We're talking about divine love and that's a conscious willing to open your life to someone else because of Jesus, your blessed Lord.
Alright. Thank you very much and hello again, radio friends. How in the world are you? You’re doing all right? Well, I’m fine. Thank you. A little frog in my throat this morning but then that’s how it is. I do these broadcasts for the most part in the mornings because well most of you listen, I think, in the morning although there are a number of afternoon and evening and even one or two late night spots. But for the most part people are listening in the morning and as I’ve often told you I like to feel as you do. That early morning feel is different from how you feel at noon or in the afternoon or at night, isn’t it true? So maybe I can identify with the way you feel when you’re just starting the day. Anyhow, that’s how it is.
A hundred and twenty-nine years ago, the Civil War began at Fort Sumter, South Carolina, and therefore those four years the states were engaged in that fearful struggle, brother fighting against brother. In determining as Abraham Lincoln said at Gettysburg, whether that nation or any nation so conceived and so dedicated can long endure. Well, today we’re one nation under God indivisible, and we’re thankful for that. The war is over. We’re still fighting against some of the injustices that were obvious back then. But we’re making some progress and we can be thankful for that which brings me then to just a little introductory question, beloved. Is the war over in your heart?
Paul reminds us in Romans 5 that “we were enemies through wicked works, enemies in our minds,” he says, “in another place.” There’s a war going on between the unsaved heart or, in some cases, between the redeemed heart and the Savior because you haven’t surrendered all that you are to Him. Romans 5:1 says: “Therefore being justified by faith, we have peace with God through our Lord Jesus Christ. He says, “We were without strength, we were sinners and we were enemies. Much more,” he said, “now we’re justified through His blood, saved by His life.” He died. He rose again. He lives today to be your living Savor and intercessor, your advocate, your high priest and your coming King, and you don’t have to have a war going on.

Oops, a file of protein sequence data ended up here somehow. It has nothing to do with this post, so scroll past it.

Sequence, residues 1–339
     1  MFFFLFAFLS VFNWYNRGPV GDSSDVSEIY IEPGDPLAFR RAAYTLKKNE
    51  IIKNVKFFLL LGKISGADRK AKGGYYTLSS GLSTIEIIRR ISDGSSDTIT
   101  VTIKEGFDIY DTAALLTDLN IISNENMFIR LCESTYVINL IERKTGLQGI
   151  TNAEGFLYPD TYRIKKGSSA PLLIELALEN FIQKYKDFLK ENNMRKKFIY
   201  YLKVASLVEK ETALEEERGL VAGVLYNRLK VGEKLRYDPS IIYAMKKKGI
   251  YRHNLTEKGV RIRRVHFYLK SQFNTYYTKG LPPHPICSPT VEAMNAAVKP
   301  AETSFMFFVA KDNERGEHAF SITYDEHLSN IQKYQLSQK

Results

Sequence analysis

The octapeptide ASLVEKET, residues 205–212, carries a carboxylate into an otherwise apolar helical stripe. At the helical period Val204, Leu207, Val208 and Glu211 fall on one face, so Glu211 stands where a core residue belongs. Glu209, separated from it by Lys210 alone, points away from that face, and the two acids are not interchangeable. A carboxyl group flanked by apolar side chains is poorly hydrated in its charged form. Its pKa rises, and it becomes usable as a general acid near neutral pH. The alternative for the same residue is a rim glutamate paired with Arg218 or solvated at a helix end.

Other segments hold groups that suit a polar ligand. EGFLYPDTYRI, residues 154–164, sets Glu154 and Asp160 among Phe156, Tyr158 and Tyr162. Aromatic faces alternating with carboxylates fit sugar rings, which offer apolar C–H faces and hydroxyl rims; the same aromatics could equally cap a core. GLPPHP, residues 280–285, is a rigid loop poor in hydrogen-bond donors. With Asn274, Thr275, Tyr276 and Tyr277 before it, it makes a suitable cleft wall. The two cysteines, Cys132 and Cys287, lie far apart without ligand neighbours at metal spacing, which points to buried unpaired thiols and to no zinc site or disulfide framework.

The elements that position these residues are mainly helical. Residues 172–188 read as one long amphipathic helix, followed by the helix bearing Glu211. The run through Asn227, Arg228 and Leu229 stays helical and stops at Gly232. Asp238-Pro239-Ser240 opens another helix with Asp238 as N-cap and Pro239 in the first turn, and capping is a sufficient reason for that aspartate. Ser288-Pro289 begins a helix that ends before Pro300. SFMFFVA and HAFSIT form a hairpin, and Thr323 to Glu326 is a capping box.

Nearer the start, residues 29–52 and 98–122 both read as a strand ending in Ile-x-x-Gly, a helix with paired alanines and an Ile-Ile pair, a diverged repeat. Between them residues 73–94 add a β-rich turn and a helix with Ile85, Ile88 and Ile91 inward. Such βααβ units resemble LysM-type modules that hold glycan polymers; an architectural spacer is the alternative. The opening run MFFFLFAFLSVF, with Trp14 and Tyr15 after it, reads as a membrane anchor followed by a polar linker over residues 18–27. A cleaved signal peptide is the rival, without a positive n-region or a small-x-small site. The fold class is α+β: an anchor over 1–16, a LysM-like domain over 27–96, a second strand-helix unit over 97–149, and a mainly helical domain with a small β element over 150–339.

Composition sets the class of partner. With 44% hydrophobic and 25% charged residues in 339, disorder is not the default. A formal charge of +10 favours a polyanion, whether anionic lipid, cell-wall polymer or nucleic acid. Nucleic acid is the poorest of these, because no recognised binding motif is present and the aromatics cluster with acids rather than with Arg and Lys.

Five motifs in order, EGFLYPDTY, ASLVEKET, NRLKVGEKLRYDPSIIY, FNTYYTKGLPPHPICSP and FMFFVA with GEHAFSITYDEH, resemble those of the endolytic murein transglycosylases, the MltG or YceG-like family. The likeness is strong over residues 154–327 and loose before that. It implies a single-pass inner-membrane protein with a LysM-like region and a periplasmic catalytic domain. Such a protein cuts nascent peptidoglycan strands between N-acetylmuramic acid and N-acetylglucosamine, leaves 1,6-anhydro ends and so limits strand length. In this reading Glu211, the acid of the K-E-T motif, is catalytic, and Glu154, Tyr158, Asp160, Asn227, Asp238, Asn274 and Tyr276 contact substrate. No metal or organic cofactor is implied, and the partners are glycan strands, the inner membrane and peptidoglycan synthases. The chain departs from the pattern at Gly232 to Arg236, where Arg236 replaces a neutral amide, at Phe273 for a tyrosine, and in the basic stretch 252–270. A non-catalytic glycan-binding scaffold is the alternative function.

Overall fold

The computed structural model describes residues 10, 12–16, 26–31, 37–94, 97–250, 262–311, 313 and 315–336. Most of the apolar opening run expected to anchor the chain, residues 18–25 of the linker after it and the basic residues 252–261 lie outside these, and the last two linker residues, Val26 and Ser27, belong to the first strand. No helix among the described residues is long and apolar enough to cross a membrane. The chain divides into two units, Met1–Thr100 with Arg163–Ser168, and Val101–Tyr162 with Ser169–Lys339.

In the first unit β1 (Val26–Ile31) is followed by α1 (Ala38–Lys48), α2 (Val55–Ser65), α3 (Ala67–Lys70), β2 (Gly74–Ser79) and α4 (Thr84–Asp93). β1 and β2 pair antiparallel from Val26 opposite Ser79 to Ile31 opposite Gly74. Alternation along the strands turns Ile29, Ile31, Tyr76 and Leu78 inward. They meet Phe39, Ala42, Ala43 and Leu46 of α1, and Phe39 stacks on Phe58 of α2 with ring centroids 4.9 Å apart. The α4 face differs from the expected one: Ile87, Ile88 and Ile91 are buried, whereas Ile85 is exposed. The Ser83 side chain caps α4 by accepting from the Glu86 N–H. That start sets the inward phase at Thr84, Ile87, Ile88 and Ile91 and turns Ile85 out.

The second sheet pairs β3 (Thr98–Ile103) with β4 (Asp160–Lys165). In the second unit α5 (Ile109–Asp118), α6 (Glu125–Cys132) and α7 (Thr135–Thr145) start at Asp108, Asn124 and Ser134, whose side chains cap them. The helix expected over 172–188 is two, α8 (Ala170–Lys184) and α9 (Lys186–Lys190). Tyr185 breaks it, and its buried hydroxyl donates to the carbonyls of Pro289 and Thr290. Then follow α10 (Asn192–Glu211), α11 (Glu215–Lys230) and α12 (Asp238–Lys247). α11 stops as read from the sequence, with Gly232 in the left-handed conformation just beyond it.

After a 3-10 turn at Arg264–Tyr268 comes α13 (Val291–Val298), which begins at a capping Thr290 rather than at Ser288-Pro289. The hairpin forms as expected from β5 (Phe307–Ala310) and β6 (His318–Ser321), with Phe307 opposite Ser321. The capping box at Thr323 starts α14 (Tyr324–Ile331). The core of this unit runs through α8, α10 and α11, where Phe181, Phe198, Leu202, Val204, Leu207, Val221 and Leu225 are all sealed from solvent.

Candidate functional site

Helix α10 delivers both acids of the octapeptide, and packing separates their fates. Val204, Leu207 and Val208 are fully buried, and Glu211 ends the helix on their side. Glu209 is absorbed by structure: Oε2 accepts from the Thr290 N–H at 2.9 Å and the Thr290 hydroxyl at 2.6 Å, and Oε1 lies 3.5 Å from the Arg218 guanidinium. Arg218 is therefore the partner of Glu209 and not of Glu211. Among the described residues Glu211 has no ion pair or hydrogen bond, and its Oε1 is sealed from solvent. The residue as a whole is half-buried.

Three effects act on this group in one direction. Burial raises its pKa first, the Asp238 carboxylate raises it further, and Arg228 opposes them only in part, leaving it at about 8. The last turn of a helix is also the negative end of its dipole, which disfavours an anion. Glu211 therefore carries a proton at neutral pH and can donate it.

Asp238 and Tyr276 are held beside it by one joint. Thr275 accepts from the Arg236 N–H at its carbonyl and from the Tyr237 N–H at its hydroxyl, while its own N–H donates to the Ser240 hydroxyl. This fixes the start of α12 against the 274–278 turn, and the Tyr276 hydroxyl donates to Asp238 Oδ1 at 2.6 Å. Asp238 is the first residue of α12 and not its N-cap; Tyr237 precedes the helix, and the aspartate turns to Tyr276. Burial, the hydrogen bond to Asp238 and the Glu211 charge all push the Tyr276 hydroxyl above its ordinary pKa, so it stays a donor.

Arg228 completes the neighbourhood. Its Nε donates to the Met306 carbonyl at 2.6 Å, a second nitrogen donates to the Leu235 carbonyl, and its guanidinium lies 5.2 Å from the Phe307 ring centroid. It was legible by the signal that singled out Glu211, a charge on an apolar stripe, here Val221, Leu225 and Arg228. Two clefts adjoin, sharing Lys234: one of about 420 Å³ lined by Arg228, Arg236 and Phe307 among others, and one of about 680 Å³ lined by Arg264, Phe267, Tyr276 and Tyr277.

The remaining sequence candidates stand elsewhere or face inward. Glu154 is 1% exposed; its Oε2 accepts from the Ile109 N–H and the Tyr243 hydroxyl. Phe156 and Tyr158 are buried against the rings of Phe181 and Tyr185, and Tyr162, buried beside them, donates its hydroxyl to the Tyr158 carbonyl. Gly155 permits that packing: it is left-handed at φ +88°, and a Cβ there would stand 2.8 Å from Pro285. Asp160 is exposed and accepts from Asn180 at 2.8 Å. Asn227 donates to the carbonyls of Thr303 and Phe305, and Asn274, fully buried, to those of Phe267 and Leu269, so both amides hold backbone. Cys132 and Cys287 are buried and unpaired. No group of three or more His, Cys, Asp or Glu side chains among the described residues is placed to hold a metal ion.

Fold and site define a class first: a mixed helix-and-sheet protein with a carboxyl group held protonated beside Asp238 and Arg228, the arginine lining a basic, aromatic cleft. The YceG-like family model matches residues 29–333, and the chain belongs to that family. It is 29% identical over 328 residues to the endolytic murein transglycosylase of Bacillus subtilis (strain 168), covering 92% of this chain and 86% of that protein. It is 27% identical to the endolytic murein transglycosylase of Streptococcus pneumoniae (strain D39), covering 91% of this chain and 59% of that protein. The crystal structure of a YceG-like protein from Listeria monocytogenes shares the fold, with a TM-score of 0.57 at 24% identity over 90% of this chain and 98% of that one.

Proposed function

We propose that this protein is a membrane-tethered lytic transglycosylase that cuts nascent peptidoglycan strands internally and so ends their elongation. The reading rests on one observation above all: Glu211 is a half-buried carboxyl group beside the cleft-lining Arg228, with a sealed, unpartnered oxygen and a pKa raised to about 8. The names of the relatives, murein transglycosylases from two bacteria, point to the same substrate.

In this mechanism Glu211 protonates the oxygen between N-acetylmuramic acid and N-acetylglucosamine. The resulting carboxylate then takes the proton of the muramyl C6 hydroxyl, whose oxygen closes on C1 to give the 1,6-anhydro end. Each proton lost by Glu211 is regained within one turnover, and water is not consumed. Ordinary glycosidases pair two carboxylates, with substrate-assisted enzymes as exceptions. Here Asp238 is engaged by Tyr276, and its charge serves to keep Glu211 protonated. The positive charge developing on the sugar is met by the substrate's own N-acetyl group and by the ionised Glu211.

Paul found that out as he wrote in Romans 7, “That which I would not that I do….for to will is present with me but to do I find not. Oh, wretched man that I am, who shall deliver me from this dead body that I keep dragging around with me?” Romans 7. Well, you have to get out of Romans 7 and in Romans 8, “There is, therefore, now no condemnation to them which are in Christ Jesus who walk not after the flesh but after the Spirit.” How do you get the war over? Surrender? To whom? To the blessed Lord Jesus Christ who by his indwelling Holy Spirit will be the conqueror, will give you the daily momentary victory.
I just spoke to a dear lady whose husband had suffered a stroke and I called to see how he was doing. And she said,” You know all my life I’ve quoted these verses about God’s grace and our Lord being enough.” Now, she says, “I’m living them.” Ah, yes. The way to have the war over is to stop quoting and start living the truth of God by surrendering your life in those areas where there’s been conflict, give it up to Jesus. Well, it’s all free. I threw it in free. Four minutes of introduction. And I trust that you’ll have God’s wonderful victory in your life today.